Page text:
Mind pollution has permeated the internet. Computer articles are mostly written from the point of view of a person who uses Microsoft products. The assumption is that everyone uses Microsoft Windows and Windows software. To be fair there are a few OSX and Linux articles. Heaven help you if you use something really unusual like Plan 9 or HaikuOS. I can only assume those folks have a lot of patience and a strong will.
When I was in high school Microsoft Windows did not exist and we just used what was available at the time which was a Commodore PET. For the folks too young to remember a Commodore PET was an 8-bit computer with a 6502 CPU and 32 kilobytes of memory. This was in the early 1980's. So my perspective is different. Moving from one computer ecosystem to another is relatively easy since I've done it so often. I naturally think in more abstract terms such as "software presentation program" rather than thinking of "PowerPoint".
Back then no one would have thought of using a specific software package for word-processing. You either used a dedicated machine that only did word processing or you went to the computer store to find some software that would run on the computer you owned. Since everything was so new no one had any preconceptions about which software package was the "best". One usually went along with what their schools used, e.g. if your school happened to use a Commodore computer you probably would have bought a Commodore computer.
Even in the mid-90s when people were running to the mall to buy Windows 95 the computer articles on the net didn't have the overbearing assumption that you owned a Windows box and now you type "format c: /s" or "ipconfig" (it was ifconfig in the Unix world since 1982). Or my personal favourite "Get your friends off XP" which initially sounds good until you realize the article is about installing Windows 8.1 on your computer.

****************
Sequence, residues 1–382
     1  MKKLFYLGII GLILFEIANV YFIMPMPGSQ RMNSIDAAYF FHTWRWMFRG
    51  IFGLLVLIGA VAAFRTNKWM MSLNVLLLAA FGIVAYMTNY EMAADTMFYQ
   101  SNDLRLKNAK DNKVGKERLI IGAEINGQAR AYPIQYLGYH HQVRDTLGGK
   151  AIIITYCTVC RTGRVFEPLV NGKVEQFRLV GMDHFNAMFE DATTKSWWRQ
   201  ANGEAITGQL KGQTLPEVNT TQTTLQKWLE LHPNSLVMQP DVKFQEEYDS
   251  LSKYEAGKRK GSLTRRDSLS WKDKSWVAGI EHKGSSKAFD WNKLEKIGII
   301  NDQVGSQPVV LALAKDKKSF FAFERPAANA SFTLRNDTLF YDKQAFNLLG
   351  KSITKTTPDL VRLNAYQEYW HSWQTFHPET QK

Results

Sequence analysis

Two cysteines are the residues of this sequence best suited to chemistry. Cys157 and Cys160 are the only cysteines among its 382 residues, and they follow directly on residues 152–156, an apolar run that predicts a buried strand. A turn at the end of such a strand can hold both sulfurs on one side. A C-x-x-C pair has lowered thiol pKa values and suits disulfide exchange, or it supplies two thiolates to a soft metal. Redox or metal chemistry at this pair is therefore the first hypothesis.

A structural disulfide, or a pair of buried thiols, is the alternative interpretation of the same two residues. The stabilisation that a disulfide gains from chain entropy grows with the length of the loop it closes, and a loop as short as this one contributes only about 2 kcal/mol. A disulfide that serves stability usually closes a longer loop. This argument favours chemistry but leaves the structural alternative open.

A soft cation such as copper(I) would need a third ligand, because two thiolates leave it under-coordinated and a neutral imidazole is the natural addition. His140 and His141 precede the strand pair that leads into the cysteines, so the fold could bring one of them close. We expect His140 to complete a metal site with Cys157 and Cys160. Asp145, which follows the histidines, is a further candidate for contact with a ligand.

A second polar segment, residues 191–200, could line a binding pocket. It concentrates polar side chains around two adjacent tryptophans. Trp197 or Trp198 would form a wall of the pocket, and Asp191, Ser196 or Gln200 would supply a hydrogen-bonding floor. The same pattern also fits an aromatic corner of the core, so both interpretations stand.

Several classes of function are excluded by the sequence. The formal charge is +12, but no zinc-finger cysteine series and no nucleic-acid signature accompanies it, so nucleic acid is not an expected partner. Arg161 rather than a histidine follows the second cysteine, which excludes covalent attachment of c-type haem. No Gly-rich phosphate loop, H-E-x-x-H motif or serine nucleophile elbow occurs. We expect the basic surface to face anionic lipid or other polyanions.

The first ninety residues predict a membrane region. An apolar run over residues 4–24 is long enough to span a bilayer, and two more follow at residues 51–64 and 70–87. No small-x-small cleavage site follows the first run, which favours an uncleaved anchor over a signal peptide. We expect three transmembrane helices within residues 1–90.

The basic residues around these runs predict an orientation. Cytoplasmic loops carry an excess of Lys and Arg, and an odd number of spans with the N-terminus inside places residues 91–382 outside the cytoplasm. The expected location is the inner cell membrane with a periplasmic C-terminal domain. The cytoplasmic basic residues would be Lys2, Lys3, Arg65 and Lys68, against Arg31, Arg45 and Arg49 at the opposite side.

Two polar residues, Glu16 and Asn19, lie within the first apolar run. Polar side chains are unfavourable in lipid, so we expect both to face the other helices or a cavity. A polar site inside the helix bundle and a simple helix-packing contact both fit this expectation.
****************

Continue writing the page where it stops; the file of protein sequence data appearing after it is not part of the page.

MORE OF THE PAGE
That's not to say there aren't articles about Linux and BSD, there's lots of them. And even with articles about Firefox there's enough similarities between the Windows and Linux versions that one can often extract useful information from them. I suppose one could still complain about the assumption that everyone uses Firefox.
It's really all about mind share. You might think "Microsoft doesn't control me" but what about the computing masses? What about the schools and the governments and the banks? We should have platform independence and people should be able to do their online activities with the platform of their choice. The media should NOT assume that all their viewers use Microsoft software because that is certainly not the case.
Mostly I can use my Linux and BSD machines to do everything I want to do. There are a few edge cases where it takes quite a lot of effort to do certain things, but for the most part there are no serious problems. Once one walks into a computer store it reaffirms that you're in the Windows World. There are Microsoft stores now but I haven't bothered checking them out as there's just nothing there for me.